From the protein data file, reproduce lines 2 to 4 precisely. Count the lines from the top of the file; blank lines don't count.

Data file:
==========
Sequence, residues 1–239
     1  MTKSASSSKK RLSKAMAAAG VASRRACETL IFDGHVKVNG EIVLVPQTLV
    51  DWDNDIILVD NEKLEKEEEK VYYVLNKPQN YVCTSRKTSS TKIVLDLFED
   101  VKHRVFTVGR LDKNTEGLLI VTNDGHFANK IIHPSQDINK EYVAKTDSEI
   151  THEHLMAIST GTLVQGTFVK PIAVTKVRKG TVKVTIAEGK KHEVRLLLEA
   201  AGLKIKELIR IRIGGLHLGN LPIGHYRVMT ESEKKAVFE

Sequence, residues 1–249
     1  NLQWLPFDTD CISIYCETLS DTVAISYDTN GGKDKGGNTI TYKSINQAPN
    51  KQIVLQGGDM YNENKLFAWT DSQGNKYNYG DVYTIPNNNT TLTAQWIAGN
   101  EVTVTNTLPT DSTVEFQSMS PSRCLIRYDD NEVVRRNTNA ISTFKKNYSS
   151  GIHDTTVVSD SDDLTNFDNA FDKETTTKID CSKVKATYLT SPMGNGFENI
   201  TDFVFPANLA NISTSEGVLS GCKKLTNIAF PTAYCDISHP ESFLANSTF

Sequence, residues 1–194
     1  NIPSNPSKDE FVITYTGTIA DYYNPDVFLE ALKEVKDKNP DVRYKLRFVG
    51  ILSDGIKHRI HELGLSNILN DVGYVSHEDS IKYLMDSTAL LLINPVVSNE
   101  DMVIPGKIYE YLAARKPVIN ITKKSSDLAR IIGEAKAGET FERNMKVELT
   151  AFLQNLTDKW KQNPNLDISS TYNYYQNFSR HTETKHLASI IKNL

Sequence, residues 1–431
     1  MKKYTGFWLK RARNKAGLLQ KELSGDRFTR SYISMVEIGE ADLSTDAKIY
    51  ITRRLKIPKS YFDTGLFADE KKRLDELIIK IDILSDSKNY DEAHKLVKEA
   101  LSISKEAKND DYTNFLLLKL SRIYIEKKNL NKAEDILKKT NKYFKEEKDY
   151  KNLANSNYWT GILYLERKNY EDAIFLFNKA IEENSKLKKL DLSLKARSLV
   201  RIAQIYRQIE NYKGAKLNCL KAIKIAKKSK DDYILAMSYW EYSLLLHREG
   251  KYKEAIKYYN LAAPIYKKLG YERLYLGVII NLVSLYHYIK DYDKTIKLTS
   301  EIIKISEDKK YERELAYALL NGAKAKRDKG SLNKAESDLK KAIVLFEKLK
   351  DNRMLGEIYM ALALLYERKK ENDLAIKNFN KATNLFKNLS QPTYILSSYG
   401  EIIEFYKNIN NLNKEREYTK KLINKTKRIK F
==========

     1  MTKSASSSKK RLSKAMAAAG VASRRACETL IFDGHVKVNG EIVLVPQTLV
    51  DWDNDIILVD NEKLEKEEEK VYYVLNKPQN YVCTSRKTSS TKIVLDLFED
   101  VKHRVFTVGR LDKNTEGLLI VTNDGHFANK IIHPSQDINK EYVAKTDSEI